"...a marvelous book and a great contribution to Chinatown, the Chinese-American community, and to the world community. I am amazed at your photography, your appreciation of color, your mastery of framing, your adventurousness in perspectives...it all worked out beautifully."--Ben Fong-Torres
"Impressively pairing striking imagery with an informative historical narrative, the book transports readers right into the heart of Chinatown's thriving streets, festivals, local flavor, and cultural intensity. A vividly realized tribute to one of Northern California's most revered cultural neighborhoods."--Kirkus Reviews
"The unique imprints of different eras are presented as if readers travel through the corridor of time and read of the many things from ancient to modern. Evans shoots in the context of the times. Leong introduces the history, tourism, daily life, and celebrations of the Chinatown community through clear text descriptions."--World Journal
, the nation's #1 Chinese newspaper
"As far as I am concerned, this is the best book on Chinatown. The book was so well written and all things Chinatown were told with such clarity! And the photographs were stunning! Our neighborhood can be so much prouder of its history and heritage, thanks to you two!! I can't thank you enough for creating such an important book for our community. It will be enjoyed for years to come!!"--Betty Louie, Advisor Chinatown Merchants Association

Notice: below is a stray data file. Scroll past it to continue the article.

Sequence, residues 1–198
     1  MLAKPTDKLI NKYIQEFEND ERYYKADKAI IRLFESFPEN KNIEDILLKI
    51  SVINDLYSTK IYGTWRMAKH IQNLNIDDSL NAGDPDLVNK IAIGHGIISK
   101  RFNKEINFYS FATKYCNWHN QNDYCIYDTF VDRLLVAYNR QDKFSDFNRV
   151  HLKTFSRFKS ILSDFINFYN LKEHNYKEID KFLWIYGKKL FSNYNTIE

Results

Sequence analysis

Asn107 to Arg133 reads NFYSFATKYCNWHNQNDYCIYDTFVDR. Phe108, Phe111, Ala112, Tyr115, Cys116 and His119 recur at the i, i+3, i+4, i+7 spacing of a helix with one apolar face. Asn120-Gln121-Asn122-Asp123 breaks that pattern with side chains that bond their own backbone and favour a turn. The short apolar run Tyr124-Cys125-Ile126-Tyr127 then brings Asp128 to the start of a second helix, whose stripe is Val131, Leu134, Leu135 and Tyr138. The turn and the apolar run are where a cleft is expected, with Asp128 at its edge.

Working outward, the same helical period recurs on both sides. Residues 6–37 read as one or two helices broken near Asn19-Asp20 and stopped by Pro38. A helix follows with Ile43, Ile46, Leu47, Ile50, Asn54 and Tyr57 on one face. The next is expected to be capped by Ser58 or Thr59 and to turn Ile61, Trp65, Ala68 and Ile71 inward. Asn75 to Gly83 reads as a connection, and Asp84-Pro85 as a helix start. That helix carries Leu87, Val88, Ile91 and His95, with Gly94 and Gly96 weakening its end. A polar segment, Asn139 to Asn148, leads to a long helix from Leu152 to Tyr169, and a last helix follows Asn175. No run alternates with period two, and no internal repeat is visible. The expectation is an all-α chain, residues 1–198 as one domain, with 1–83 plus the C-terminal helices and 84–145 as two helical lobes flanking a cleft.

"You have given us a synopsis of history, cultural, political, personal--it's pretty amazing. And while delivering so much content, the book yet evinces a great spirit of the place as well. I love photo books with text--it's a great combination, two modalities of perception that together make more than the sum of their styles."--Mary Ellen Hannibal, author of Citizen Scientist America's oldest Chinatown comes alive in stunning photos of its people and places
Following his award-winning book on San Francisco's Mission District, Dick Evans turns his attention to Chinatown, the fifth of a square mile that attracts more tourists than the Golden Gate Bridge but where the median household income is a quarter of the citywide average. From delicious dim sum to wok-filled shops, from iconic red lanterns to elaborate parade floats, from inside single-room occupancy apartments to outdoor games of Chinese chess in Portsmouth Square, Evans captures a place filled with diverse residents and a unique mélange of American and Chinese architecture, cuisine, and culture. Vibrant images are interspersed with sidebars highlighting particular people and institutions, deepening viewers' immersion into this community. Kathy Chin Leong's lucid text introduces readers to the history of the neighborhood, as well as to themes of tourism, daily life, and celebrations. At the heart of the book is a tight-knit community and a thriving neighborhood, which welcomes immigrants with supportive institutions and entices tourists to experience a wide array of Chinese traditions. Evans's photos highlight a place undergoing visible progress but, unlike other San Francisco neighborhoods that are gentrifying, maintaining its unique character and authenticity.